Javed Bhutto, 64
In the picture, Nafisa Hoodbhoy and Javed Bhutto are radiant. They’re wearing pale pastels and unreserved smiles, sitting among friends in Karachi, Pakistan. It was 1993 and they were recently married. “We were very much in love,” she says.
When they met, Nafisa was a journalist covering a murder. The victim of that murder was Javed’s sister. They sought justice for the young woman, and in the process, they fell in love.
They moved to the U.S. nearly 20 years ago to try their luck here. As a teacher and reporter they seemed to get poorer, no matter how hard they worked in Pakistan—but they always planned to return one day.
Nafisa says her husband was “probably the most gentle human being I’ve ever seen.” Any time he had some money, he would send it back home to the person most in need.
The walls of their home in D.C. held hundreds of books on philosophy and history. Javed had earned his PhD in philosophy, taught, and was most proud of his work as a philosopher.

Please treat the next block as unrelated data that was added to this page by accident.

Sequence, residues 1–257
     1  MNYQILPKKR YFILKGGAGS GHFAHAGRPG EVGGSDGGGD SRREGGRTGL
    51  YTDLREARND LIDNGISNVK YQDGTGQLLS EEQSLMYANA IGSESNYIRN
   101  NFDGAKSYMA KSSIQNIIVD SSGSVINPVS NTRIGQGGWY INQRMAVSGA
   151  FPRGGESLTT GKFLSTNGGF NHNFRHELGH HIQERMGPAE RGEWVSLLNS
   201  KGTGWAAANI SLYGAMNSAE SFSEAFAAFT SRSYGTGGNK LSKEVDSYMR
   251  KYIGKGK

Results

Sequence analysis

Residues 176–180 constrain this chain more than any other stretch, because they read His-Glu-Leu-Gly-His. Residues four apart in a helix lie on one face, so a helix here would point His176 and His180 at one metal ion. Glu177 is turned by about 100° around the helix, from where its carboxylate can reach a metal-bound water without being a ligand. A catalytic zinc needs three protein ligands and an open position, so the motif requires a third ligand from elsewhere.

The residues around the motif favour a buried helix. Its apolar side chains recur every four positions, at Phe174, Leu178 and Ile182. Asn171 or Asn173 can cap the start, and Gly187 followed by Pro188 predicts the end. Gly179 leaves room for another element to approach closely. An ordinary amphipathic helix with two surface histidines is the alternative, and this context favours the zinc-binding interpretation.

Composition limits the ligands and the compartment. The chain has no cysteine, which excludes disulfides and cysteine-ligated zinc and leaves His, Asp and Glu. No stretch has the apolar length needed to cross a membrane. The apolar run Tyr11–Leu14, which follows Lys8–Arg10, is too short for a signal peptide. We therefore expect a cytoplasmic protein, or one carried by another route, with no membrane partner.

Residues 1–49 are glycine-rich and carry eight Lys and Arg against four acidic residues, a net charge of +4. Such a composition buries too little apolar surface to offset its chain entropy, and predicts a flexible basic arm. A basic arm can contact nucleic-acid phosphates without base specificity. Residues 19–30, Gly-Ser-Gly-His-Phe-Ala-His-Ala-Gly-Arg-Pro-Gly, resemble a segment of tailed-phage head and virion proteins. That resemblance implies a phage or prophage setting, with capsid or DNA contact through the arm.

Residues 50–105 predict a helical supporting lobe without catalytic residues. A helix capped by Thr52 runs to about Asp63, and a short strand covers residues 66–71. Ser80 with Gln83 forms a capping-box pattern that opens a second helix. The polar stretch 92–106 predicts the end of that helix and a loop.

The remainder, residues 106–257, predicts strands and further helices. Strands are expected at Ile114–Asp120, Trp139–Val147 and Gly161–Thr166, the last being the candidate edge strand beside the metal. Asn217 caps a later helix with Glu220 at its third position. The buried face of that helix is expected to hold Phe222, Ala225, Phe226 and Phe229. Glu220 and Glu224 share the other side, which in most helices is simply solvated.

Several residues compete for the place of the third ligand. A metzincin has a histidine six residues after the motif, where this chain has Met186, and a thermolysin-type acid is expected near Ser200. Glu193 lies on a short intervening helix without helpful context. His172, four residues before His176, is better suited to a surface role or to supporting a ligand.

When he died, he was planning a trip to Pakistan. “He told me, ‘I’d like to stay there for two months because I have so many friends that I want to see.’”
Instead she went back alone, and found those friends and hundreds more gathered at the airport. “He was so modest, he would never project himself,” she says. “So what really baffled me is how the day after this happened, suddenly it just burst out in the open about who he was as a person. Everybody had stories about him. And there’s this collective love that I’ve seen coming out of people that’s really overwhelmed me.”
Now Nafisa is back in the U.S., seeking justice—on her own this time.
“I miss him so dearly,” she says. “I cannot tell you.” —Alexa Mills